Homing In

Is housing about to come out of its funk?

The current economic downturn is unique. It was based on a boom and bust in housing, which is both a financial asset and a place to live. It’s the largest single purchase most people ever make, and it’s an essential consumer good. It also is a key component of the US financial system, so it’s no wonder that a housing bust caused a financial panic.

Housing is also uniquely important in the economy. It’s a labor-intensive good, and manufacture (for the most part) can’t be outsourced. So a revival of the housing market and attendant home construction industry would generate a lot of jobs.

Housing stats are funny, though. It’s only recently that we started to get good data on home prices and those are reported with a lag. But home prices follow activity, and the activity in the housing market is starting to pick up. Building permits are up about 20% over last year; housing starts are up 25% from a year ago; and new home sales have been stable (albeit at a low level) for about a year and a half.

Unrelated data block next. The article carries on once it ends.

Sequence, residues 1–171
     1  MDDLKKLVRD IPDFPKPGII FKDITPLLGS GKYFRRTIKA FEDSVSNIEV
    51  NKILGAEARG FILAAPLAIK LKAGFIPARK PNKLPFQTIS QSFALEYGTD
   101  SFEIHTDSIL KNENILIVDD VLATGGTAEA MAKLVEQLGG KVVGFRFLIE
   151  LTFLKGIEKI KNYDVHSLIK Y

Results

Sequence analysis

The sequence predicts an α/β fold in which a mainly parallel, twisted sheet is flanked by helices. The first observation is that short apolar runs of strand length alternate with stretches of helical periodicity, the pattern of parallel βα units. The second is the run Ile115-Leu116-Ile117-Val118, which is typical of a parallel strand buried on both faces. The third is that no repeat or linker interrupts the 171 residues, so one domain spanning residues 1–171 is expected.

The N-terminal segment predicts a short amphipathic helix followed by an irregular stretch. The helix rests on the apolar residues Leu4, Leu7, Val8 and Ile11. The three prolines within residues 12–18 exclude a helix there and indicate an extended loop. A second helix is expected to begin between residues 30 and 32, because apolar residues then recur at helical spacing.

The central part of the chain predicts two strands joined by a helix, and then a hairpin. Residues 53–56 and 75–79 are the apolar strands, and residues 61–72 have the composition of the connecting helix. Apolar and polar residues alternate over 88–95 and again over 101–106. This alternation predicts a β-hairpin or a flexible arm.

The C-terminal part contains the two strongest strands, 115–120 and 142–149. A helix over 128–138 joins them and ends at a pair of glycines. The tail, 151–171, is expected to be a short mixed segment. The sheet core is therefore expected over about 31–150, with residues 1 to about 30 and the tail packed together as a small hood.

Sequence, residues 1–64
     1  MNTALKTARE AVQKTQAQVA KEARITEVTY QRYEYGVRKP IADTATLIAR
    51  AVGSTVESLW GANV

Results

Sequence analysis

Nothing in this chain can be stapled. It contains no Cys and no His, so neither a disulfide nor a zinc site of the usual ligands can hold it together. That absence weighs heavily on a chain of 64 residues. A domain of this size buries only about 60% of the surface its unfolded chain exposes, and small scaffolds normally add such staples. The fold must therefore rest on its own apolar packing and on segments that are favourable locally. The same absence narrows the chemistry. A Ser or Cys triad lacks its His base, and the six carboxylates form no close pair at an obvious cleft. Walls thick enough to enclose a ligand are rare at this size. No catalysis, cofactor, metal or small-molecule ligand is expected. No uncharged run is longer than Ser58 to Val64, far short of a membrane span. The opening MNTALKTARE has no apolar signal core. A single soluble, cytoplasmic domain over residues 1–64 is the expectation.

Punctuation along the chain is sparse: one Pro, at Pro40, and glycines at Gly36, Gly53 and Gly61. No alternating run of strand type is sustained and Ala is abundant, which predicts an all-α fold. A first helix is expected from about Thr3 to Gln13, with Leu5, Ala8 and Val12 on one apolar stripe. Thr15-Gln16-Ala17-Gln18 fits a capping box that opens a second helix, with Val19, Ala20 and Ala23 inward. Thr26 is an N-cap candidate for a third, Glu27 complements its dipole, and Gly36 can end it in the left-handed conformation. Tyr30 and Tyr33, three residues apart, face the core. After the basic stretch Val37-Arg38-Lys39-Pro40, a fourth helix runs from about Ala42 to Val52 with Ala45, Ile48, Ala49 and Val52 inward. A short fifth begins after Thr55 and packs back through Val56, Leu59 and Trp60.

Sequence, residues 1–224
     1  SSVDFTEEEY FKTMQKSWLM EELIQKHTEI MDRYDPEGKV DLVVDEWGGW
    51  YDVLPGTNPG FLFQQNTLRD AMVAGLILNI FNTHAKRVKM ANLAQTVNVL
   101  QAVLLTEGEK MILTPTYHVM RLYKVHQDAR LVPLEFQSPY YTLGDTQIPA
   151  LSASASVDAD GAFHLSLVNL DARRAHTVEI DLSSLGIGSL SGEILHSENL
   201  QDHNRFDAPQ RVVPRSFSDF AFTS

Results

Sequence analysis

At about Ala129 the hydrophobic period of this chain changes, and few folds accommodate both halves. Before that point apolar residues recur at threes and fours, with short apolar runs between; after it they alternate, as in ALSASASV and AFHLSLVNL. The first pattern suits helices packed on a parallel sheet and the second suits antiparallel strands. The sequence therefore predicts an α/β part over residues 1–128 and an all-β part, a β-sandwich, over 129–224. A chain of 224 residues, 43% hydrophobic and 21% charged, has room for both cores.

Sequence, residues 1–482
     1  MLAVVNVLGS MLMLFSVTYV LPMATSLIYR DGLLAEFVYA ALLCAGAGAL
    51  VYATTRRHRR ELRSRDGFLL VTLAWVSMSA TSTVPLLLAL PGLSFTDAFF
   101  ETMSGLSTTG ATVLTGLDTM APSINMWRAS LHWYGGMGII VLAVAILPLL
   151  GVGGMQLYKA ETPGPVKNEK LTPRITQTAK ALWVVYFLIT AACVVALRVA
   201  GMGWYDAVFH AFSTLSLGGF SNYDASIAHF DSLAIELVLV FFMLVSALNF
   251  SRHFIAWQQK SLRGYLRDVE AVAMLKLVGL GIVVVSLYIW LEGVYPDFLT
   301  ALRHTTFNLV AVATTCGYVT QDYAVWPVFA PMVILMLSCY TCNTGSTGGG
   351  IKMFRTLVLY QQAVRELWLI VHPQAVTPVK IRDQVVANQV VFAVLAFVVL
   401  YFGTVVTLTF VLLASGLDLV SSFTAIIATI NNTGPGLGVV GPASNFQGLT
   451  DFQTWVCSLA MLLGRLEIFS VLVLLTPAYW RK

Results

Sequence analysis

Home prices also depend on affordability. After all, it’s unlikely that prices will stabilize if the average household still can’t afford a home. But the combination of lower prices, low mortgage rates, and an improving job market has pushed housing affordability to record levels. This also bodes well for prices.

I’m not saying we’re off to the races; progress is likely to be “three-steps-forward-two-steps-back.” But for the first time in five years, it looks like housing is becoming a source of strength for the economy.

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